It is the middle of June 1816. Thanks to a slight improvement in the weather, Byron and Shelley make plans to sail around Lake Geneva, stopping off at points of interest.
It isn’t entirely a pleasure-cruise, since Shelley seizes the chance to break the news of Byron’s impending fatherhood: Claire – with whom Byron can no longer bear to be in the same room, since her silly attention-seeking grates on his nerves – is pregnant. In what is probably a reflection of Byron’s state of mind after hearing this news, the weather breaks again, and the boat is caught in a severe storm. Byron, always a strong swimmer who enjoys a challenge, prepares to dive overboard. Not so Shelley, who calmly awaits whatever is in store, “feeling a multitude of sensations, among which terror entered… though but subordinately.”
Fortunately – on this occasion – the boat comes safely into harbour and the pair continue their tour, visiting the Castle of Chillon.
Guided tours are available, and Shelley takes a keen interest, noting the height of the roof and the depth of the lake. Byron, like a bored child on a school visit, wanders moodily off and carves his name into a pillar. Yet the castle strikes a chord, especially the story of its most famous prisoner, Francois de Bonivard, a Protestant reformer imprisoned for heresy in the sixteenth century.
A few days later, stuck in a hotel due to more heavy rain on 27th and 28th June, Byron writes a meditative and beautiful poem, The Prisoner of Chillon, narrated by Bonivard himself. Imprisoned with his two brothers, each chained to a pillar, he is forced to witness their steady decline and death:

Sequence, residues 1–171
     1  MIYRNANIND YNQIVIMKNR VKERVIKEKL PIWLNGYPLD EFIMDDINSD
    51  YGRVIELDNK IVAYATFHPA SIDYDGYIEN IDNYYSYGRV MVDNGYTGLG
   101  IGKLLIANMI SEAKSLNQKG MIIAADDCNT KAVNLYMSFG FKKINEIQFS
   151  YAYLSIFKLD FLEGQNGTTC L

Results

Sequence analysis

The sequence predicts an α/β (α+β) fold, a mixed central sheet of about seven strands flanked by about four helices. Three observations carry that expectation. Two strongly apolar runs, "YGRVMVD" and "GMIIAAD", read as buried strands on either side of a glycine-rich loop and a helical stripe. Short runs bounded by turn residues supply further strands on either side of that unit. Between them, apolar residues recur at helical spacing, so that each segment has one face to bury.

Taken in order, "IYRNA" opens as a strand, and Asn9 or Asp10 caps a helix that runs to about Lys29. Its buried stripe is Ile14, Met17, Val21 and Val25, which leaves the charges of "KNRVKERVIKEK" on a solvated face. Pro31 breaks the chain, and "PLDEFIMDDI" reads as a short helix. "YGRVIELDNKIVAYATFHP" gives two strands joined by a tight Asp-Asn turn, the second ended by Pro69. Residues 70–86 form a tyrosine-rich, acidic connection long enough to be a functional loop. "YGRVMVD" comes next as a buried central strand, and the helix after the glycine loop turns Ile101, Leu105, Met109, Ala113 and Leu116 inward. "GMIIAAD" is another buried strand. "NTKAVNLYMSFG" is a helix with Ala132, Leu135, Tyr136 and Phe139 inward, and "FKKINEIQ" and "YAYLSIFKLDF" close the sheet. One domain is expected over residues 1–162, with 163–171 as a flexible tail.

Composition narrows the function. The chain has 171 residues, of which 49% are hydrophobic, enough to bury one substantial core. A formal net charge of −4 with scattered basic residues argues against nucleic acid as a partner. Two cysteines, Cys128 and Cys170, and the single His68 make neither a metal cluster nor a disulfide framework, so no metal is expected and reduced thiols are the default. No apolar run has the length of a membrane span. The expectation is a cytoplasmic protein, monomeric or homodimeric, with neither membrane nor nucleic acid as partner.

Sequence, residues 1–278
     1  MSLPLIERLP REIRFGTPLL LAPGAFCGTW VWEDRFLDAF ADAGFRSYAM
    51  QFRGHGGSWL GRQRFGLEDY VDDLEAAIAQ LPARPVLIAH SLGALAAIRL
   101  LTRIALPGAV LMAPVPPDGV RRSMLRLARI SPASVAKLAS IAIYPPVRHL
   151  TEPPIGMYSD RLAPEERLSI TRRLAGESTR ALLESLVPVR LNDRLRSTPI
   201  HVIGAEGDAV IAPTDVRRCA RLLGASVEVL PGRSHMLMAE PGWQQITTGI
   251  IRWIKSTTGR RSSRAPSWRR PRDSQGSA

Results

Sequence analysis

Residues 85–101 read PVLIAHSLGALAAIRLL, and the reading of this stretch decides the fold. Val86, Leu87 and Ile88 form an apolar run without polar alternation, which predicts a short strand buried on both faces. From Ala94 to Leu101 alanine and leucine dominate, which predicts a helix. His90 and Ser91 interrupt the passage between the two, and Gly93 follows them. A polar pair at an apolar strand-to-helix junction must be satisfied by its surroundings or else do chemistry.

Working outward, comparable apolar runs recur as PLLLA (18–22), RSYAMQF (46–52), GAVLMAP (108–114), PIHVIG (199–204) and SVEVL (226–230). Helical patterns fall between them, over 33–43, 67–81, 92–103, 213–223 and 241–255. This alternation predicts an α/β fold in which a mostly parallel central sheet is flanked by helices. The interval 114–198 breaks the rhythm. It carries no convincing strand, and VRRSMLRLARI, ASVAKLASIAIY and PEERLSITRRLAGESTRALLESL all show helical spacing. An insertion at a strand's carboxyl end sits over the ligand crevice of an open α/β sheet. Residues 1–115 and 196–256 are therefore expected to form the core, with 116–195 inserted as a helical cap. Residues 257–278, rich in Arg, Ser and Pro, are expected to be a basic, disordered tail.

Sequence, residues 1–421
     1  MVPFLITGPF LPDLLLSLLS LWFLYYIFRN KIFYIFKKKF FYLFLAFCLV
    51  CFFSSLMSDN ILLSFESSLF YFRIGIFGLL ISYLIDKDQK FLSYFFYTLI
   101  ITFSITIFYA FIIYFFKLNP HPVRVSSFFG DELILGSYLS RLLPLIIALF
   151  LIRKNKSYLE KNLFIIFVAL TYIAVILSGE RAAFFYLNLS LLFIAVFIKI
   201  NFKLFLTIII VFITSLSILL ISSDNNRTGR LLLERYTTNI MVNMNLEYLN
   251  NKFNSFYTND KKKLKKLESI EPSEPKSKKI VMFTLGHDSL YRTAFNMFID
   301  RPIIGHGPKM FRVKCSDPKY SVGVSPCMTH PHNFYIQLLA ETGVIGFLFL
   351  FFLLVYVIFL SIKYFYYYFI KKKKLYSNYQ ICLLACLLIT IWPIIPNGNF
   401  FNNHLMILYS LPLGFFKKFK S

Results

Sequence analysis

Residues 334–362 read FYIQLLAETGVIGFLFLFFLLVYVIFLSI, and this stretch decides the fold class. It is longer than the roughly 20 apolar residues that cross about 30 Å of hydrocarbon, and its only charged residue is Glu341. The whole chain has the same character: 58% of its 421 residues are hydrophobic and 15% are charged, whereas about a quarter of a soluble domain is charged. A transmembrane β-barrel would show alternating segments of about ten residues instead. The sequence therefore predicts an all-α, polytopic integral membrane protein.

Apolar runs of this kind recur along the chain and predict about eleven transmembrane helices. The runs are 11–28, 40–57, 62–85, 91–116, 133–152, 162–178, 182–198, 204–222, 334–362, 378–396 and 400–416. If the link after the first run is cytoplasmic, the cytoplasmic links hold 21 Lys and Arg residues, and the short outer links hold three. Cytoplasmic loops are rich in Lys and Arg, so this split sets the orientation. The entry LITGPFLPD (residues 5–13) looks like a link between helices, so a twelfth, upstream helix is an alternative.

My brothers – both had ceased to breath:
I took the hand which lay so still,
Alas! My own was full as chill;
I had not strength to stir, or strive,
But felt that I was still alive –
A frantic feeling, when we know
That what we love shall ne’er be so.
I know not why
I could not die,
I had no earthly hope but faith,
And that forbade a selfish death.
Byron captures the prisoner’s isolation, passing from loneliness to acceptance; his feeling of sensory overload when he finally catches a glimpse of the outside world again,
A small green isle, it seemed no more,
Scarce broader than my dungeon floor,
But in it there were three tall trees,
And o’er it blew the mountain breeze,
And by it there were waters flowing,
And on it there were young flowers growing…
And even, when he is finally released, a sense of regret, being torn from a “second home,” where “my very chains and I grew friends,” Byron thus describes sensations which have been confirmed by modern psychiatric studies of prisoners and hostages kept in solitary confinement.
Freed from their brief hotel imprisonment by better weather, Byron and Shelley are now able to sail back around the Lake to Diodati where Byron can now begin to ponder on Claire’s news and wonder whether he can ever be truly free.